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Use of "el" with feminine nouns beginning with a stressed "a"

 

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Old February 01, 2012, 08:34 PM
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Question Use of "el" with feminine nouns beginning with a stressed "a"

Okay, so I understand WHY words like "agua" and "águila" and "aula", etc. take "el" as the definite article because the stress is on the first syllable ... because of the sounds being directly next to each other....

But what about when there are two determiners? Would you say "toda el agua"? I can't really think of any more examples, although I'm sure there are some....

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Old February 01, 2012, 09:11 PM
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Masculine article is only used for reasons of euphony, but the gender of the word remains unchanged.

"Toda el agua" is correct.

El águila calva. -> La hermosa águila.
El aula nueva. -> Nuestra aula.
El hacha filosa. -> Esta hacha.
El hambre canina. -> Tengo mucha hambre.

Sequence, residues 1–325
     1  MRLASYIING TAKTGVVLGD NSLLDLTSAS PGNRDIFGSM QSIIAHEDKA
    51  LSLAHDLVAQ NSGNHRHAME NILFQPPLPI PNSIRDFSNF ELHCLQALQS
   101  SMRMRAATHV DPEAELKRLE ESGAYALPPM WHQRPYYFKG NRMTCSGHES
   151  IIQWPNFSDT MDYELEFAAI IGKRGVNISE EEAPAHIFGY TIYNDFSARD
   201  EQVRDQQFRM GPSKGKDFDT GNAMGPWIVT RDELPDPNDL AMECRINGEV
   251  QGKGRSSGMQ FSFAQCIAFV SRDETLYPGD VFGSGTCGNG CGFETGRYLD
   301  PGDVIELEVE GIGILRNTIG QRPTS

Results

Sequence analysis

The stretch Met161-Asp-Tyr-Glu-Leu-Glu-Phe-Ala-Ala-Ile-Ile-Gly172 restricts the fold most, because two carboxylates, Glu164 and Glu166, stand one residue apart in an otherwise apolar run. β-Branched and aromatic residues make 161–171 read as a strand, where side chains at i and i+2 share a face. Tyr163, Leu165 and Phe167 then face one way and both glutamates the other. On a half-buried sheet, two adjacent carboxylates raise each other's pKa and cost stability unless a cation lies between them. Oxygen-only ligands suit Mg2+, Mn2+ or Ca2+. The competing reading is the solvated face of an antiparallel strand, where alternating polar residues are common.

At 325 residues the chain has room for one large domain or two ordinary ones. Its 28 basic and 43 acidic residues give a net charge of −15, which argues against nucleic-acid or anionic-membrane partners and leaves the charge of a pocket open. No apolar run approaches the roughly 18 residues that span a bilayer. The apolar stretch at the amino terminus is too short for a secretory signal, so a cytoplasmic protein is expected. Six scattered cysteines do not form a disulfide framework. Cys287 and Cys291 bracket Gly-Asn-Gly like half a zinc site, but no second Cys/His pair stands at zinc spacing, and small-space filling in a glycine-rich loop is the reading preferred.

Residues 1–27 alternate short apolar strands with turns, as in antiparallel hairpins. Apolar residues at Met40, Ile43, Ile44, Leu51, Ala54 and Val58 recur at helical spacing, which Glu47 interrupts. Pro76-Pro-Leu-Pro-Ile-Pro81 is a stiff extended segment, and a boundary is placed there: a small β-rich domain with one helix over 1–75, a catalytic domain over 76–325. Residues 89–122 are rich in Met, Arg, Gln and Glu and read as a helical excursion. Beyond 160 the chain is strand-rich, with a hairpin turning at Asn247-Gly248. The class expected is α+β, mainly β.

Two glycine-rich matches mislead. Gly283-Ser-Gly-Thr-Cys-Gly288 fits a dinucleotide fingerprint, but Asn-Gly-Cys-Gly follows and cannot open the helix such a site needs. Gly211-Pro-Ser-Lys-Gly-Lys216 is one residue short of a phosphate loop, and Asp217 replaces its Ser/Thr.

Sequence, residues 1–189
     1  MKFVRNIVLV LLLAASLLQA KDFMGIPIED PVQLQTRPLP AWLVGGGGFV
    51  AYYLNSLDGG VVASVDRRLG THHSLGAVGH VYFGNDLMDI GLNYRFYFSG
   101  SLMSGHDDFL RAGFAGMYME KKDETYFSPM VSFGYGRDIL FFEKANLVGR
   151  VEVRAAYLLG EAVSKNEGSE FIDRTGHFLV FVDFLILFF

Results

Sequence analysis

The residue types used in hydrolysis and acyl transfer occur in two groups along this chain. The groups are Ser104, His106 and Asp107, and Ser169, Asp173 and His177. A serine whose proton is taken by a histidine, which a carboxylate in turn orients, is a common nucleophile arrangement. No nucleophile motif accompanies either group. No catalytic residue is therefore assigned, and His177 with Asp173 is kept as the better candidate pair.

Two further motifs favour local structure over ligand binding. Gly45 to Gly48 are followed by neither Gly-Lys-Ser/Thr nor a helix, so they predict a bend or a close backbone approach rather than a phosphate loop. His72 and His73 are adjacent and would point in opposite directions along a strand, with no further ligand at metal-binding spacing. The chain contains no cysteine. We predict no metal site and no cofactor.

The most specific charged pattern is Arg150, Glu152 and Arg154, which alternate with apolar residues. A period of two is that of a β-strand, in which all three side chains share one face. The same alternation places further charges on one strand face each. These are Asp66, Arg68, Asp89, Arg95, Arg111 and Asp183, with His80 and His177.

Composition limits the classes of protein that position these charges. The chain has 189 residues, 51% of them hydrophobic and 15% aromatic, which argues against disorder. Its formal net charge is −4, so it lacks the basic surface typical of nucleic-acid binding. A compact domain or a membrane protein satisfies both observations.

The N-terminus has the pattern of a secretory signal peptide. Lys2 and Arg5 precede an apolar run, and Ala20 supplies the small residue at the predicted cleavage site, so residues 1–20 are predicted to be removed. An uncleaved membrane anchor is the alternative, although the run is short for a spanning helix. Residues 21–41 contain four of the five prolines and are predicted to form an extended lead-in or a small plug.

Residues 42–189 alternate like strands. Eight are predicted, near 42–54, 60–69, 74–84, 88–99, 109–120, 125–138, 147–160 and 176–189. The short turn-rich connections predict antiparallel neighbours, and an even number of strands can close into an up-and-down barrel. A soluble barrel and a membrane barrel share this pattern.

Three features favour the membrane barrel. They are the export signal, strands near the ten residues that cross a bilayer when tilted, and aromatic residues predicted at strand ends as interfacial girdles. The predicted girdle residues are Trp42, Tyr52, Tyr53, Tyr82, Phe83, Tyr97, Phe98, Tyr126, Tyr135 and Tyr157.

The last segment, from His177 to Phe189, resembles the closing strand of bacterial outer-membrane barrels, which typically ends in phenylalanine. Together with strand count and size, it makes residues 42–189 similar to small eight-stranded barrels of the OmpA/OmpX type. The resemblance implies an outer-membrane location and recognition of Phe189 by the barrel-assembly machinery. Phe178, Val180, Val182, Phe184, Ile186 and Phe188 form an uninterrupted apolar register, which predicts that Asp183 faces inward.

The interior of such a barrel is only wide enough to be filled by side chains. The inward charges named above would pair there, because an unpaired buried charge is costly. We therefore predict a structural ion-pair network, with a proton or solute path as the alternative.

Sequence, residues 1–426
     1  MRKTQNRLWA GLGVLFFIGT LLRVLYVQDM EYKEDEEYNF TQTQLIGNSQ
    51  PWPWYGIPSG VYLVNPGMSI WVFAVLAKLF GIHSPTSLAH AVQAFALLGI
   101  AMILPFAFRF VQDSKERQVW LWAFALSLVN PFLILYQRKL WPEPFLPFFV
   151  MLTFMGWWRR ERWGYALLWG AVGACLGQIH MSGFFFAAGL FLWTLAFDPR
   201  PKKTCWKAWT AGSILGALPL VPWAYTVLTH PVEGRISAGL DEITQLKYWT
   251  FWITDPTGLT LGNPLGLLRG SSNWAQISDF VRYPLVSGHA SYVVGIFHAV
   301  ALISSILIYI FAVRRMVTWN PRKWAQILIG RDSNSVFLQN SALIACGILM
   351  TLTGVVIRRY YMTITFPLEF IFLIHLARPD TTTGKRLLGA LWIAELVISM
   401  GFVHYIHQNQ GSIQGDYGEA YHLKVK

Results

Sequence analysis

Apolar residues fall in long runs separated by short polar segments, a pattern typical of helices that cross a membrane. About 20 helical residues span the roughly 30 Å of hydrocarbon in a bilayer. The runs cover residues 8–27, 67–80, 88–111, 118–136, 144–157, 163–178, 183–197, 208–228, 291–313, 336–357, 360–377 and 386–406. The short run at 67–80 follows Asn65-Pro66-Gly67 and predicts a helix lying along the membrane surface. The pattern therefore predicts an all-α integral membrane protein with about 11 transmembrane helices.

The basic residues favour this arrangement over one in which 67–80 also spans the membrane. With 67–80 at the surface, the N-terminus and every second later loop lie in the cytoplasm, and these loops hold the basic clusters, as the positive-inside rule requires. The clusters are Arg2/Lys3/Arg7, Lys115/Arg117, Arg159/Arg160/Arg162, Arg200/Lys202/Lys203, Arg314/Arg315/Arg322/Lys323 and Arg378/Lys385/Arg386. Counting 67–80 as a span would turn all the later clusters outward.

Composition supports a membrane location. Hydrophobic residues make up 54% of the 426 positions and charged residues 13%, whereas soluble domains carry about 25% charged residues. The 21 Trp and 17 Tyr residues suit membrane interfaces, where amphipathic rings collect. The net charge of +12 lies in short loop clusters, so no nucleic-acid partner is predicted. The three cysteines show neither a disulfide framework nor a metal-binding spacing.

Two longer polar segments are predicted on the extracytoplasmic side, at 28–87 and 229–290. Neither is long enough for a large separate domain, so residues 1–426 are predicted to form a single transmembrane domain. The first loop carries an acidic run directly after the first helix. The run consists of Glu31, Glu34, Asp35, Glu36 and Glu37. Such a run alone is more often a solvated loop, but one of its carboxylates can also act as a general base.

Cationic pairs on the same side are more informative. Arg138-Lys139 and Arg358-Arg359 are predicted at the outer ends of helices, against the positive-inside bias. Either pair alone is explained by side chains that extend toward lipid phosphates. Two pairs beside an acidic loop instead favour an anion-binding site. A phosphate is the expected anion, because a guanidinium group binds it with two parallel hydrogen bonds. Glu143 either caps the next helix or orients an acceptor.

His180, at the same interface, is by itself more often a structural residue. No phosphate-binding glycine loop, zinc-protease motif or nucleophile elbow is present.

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Old February 01, 2012, 09:24 PM
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Yes, 'toda el agua' is correct. The adjectives and determiners will agree with the gender of the noun, despite which article is used.
Don't forget that words beginning with 'ha', that are stressed on the initial syllable, are also candidates.
el ama
el área
el hambre

However, not all feminine gender words that have a leading 'a' sound follow the 'rule' you're citing. There are some rule breakers. Here are three of them:
la a (the letter 'a')
la hache (the letter 'h')
la árabe (the Arabic woman)
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Old February 02, 2012, 09:34 AM
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...and that's most likely because they're ellipses of the nature of those words:

la (letra) a
la (letra) hache
la (mujer) árabe
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Old February 02, 2012, 04:36 PM
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Use of "el" with feminine nouns . . .

The "el" in noun phrases like "el águila" is derived from the Latin feminine pronoun "illa" which in Vulgar Latin was turning into a definite article. So in phrases such as "illa aquila" the two a's simply coalesced.

Last edited by Rusty; February 03, 2012 at 12:25 AM. Reason: removed inaccurate information
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